If the child has some direct knowledge of the disaster, invite questions, and answer these. Your child’s questions will indicate primary areas of concern. Your answers need simply to be understandable, given the child’s age and stage of development. For an example of this approach applied to the November 2015 massacre in Paris, read this article. Notice that in talking to children about the shootings, the journalist François Dufour was careful not to offer false reassurance that there would be no recurrence. Uncertainty about the future is something that children as well as adults must grapple with and ultimately accept as part of our shared reality.
If the bad news pertains to something the child has not witnessed, you may need to explain it by analogy. Let’s say your four-year-old child’s grandmother dies. You can help your boy grasp the nature of death in terms of things that are already familiar to him. The bereavement counselor Virginia Fry suggests telling very young children that the dead body is like an empty orange juice carton. Once the juice is gone, the carton isn’t needed anymore.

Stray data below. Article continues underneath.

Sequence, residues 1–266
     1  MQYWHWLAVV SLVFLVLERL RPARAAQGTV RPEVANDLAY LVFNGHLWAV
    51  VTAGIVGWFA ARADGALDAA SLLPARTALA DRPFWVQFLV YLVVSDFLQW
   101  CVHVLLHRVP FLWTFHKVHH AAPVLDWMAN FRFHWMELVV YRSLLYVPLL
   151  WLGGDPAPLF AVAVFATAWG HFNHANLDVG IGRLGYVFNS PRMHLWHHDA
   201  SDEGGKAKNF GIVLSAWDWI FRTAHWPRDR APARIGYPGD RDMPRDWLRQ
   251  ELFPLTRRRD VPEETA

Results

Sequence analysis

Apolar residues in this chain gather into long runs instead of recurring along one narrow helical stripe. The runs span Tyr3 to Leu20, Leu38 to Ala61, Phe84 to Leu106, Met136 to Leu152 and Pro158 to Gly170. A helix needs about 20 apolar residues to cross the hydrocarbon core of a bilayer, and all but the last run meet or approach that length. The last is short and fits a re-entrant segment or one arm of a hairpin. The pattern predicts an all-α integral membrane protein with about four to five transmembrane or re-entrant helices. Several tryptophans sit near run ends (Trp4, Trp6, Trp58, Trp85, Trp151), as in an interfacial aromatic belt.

If there will be a funeral for someone who has been important in the child’s life, if possible let the child decide whether or not to attend. To facilitate this decision, describe what your child can expect to see if he does go: people in tears, many strangers in dark clothes, people speaking about the grandmother’s life, an open casket. You can go to the funeral home and show your child the empty parlor before the wake takes place.